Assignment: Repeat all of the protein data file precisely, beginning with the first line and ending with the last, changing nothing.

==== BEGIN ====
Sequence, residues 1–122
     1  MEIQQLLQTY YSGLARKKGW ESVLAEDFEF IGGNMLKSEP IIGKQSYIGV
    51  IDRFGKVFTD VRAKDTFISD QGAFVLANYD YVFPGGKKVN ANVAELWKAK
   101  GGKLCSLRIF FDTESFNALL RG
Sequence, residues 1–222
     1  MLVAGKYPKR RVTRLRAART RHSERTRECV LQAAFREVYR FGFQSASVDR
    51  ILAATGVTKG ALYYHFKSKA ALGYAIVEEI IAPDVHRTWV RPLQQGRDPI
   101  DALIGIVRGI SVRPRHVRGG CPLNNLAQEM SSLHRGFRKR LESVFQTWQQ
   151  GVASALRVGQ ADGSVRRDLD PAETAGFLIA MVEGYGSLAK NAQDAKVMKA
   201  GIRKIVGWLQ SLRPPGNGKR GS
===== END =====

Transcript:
Sequence, residues 1–122
     1  MEIQQLLQTY YSGLARKKGW ESVLAEDFEF IGGNMLKSEP IIGKQSYIGV
    51  IDRFGKVFTD VRAKDTFISD QGAFVLANYD YVFPGGKKVN ANVAELWKAK
   101  GGKLCSLRIF FDTESFNALL RG
Sequence, residues 1–222
     1  MLVAGKYPKR RVTRLRAART RHSERTRECV LQAAFREVYR FGFQSASVDR
    51  ILAATGVTKG ALYYHFKSKA ALGYAIVEEI IAPDVHRTWV RPLQQGRDPI
   101  DALIGIVRGI SVRPRHVRGG CPLNNLAQEM SSLHRGFRKR LESVFQTWQQ
   151  GVASALRVGQ ADGSVRRDLD PAETAGFLIA MVEGYGSLAK NAQDAKVMKA
   201  GIRKIVGWLQ SLRPPGNGKR GS